Advocacy, Policies & Research: Moving Forward

For the nearly 60 million Americans with disabilities who depend on Medicaid and the Affordable Care Act for health care and public services to survive, the prospective policies of the US administration could mean losing their health insurance, social safety net, legal protections and civil rights. Or it could not. With every new administration and election in the US and abroad, there is always a threat to lose what we have gained.  Potential new laws in the United States may once again expose people with disabilities to the vagaries of the private insurance market. Low-income citizens stand to be especially affected by policy changes. What steps can marginalized communities take to come together as a movement for lasting sustainable change, in spite of changing administrations? How can disability advocates assert fundamental needs and values? Where is the Sustainability in policies and practice?

Disability advocates can derive inspiration from the rights fought and won in the 1980s during the Ronald Reagan administration, when activists mobilized en masse to oppose roll backs to federal disability services, benefits and provisions. There are voices of concern yet there are opportunities for influencing future directions. Globally, disability rights have made huge advances and opportunities abound and, yet these rights can be taken away. We return to the question: What is sustainable practice.

In terms of sustainable practice research, what should our focus be on? What are the burning issues we need to research? No matter what the level or scenario, research plays a key role in laying the pathway to helping us build bridges between communities and ensuring that persons with disabilities and marginalized people can live amongst others on an equal level.  How will the research be used once it is gathered, and will everyone be heard in the results and findings?

In this timely topic area, we urge creative ideas and concrete solutions that will ignite hope and action in the face of coming challenges. We are look for proposals in the following areas of inquiry:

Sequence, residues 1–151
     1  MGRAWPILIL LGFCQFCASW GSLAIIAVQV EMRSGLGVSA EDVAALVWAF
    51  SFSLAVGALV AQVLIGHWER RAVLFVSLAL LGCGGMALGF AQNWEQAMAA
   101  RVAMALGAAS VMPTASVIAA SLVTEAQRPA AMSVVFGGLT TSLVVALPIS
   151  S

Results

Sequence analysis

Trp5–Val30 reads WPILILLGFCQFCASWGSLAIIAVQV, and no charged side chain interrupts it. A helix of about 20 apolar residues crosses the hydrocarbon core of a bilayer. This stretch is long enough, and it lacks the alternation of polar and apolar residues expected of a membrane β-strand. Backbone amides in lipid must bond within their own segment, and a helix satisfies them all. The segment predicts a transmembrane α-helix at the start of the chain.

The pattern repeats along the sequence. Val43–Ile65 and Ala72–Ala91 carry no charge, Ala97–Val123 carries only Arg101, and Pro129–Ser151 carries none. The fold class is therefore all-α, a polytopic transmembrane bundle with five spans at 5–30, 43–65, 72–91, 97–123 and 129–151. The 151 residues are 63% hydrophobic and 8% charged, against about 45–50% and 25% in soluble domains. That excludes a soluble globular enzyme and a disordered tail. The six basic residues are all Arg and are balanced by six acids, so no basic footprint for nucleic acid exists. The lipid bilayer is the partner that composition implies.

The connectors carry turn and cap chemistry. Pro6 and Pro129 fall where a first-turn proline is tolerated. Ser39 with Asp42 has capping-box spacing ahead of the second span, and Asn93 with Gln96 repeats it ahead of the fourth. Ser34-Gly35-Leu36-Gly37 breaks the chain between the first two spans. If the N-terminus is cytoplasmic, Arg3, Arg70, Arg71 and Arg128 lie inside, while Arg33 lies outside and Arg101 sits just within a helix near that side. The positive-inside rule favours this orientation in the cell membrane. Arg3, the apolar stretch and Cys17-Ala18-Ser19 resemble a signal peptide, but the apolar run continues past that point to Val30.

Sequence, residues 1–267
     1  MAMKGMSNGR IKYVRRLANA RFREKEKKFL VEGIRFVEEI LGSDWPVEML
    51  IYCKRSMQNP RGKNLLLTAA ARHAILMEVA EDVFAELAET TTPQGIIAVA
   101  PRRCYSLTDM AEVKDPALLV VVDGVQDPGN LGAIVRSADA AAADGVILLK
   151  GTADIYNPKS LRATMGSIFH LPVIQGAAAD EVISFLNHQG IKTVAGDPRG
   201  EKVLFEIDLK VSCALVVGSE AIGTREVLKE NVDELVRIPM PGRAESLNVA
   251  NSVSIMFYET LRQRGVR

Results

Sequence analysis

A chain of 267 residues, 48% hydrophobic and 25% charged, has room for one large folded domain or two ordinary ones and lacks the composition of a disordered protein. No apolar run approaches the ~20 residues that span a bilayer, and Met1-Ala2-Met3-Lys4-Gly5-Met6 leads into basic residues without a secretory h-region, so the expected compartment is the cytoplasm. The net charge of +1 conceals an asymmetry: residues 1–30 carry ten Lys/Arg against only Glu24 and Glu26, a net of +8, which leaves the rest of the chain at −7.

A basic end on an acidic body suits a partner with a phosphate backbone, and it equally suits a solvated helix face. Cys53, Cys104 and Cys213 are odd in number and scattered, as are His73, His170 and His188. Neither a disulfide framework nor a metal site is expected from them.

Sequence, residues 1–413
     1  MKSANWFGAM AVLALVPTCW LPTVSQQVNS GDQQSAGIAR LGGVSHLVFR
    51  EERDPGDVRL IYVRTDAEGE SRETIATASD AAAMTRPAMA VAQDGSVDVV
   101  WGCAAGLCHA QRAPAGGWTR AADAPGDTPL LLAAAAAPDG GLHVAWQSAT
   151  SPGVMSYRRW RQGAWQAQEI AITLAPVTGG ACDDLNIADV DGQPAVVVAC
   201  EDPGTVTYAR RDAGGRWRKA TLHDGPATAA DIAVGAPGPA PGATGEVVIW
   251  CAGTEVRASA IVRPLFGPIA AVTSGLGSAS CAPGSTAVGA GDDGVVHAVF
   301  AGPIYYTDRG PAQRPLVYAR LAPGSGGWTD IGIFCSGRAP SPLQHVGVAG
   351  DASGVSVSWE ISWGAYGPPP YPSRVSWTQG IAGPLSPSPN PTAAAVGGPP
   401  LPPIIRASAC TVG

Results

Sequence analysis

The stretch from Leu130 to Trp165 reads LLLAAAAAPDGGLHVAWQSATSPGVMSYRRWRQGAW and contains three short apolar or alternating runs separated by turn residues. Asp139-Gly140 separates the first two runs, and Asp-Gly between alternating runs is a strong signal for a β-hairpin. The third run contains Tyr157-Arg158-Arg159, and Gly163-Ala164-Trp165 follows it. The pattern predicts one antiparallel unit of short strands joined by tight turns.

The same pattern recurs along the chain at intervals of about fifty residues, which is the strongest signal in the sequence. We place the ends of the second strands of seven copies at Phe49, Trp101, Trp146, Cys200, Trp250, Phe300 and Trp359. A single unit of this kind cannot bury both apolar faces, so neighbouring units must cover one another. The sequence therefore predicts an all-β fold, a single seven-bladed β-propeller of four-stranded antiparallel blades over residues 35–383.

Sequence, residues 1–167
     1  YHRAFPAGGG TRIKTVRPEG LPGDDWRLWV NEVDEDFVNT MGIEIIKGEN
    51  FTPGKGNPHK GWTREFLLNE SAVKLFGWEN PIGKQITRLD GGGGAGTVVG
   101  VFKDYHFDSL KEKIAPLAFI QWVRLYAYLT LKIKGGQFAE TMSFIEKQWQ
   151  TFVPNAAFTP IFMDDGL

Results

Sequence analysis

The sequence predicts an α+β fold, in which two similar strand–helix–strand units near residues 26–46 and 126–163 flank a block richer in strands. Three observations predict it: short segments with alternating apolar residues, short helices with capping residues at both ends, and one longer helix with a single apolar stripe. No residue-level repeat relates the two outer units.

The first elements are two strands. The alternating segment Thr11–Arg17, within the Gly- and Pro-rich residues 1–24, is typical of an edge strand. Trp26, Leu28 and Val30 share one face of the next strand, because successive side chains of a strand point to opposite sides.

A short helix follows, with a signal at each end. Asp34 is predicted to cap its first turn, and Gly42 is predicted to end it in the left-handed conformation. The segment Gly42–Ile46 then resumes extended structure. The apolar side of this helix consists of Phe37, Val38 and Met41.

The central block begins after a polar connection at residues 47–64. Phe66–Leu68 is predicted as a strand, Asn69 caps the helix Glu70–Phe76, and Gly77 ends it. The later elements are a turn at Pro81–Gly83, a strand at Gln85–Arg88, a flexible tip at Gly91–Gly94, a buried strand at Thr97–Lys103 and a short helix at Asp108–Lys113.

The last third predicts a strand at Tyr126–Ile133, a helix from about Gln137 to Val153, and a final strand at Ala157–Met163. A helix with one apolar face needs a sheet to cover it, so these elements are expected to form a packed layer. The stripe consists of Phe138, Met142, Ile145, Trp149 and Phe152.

• What are some ways to engage all community members and conduct research in a way that values diversity and everyone involved?   
  • What steps can the disability community take to come together as a progressive rights movement and how can we link with other movements to pen meaningful policies that will affect our collective and individual future?
  • Best practices of how research can be an engine for social change;
  • Innovative research design and methodologies which addresses social, political and economic issues concerning marginalization;
  • Multi-disciplinary collaborative efforts and diversity-centered interdisciplinary research as it relates to cultural identities, physical and mental ability, religion, class, gender and other intersections;
  • New directions in collaborative advocacy efforts to inform policy change and positive directions;
  • The role of leadership in facilitating policies, research and innovative advocacy efforts;
  • The way in which we move forward – regardless of budget or funding cuts – to ensure sustainability for the most vulnerable and marginalized in the world.

We welcome proposals in any presentation format. Please see presentation formats on our webpage at:  http://www.pacrim.hawaii.edu/presenters/formats/. Please check the criteria for each format and ensure that you have the appropriate number of presenters for your chosen format. You may submit proposals online at: http://www.pacrim.hawaii.edu/submissions or send your proposals via email to prcall@hawaii.edu.

For more information on this topic area, please contact the PacRim 2017 team at prcall@hawaii.edu. For general information on the conference, please contact Charmaine Crockett at cccrocke@hawaii.edu, (808) 956-7539. For registration questions please contact registration desk at prreg@hawaii.edu,